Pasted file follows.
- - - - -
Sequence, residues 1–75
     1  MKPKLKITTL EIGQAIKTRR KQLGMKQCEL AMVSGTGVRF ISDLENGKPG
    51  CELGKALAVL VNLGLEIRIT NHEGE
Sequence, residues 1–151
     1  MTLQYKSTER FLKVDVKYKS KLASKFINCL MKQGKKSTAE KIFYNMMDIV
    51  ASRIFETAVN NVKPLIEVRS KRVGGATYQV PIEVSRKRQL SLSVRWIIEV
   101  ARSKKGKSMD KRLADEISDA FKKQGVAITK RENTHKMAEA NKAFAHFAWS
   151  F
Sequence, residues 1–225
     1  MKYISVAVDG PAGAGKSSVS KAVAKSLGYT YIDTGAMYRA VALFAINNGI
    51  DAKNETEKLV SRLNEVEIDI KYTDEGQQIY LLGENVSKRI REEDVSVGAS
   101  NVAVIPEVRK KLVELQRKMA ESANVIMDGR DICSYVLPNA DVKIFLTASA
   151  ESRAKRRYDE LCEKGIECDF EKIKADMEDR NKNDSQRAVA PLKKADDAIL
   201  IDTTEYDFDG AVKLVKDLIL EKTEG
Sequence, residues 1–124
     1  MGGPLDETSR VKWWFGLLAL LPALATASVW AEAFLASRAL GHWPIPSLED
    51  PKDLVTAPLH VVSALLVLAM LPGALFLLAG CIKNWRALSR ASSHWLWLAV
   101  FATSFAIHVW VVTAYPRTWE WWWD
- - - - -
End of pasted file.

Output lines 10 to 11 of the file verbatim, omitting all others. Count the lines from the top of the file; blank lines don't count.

     1  MKYISVAVDG PAGAGKSSVS KAVAKSLGYT YIDTGAMYRA VALFAINNGI
    51  DAKNETEKLV SRLNEVEIDI KYTDEGQQIY LLGENVSKRI REEDVSVGAS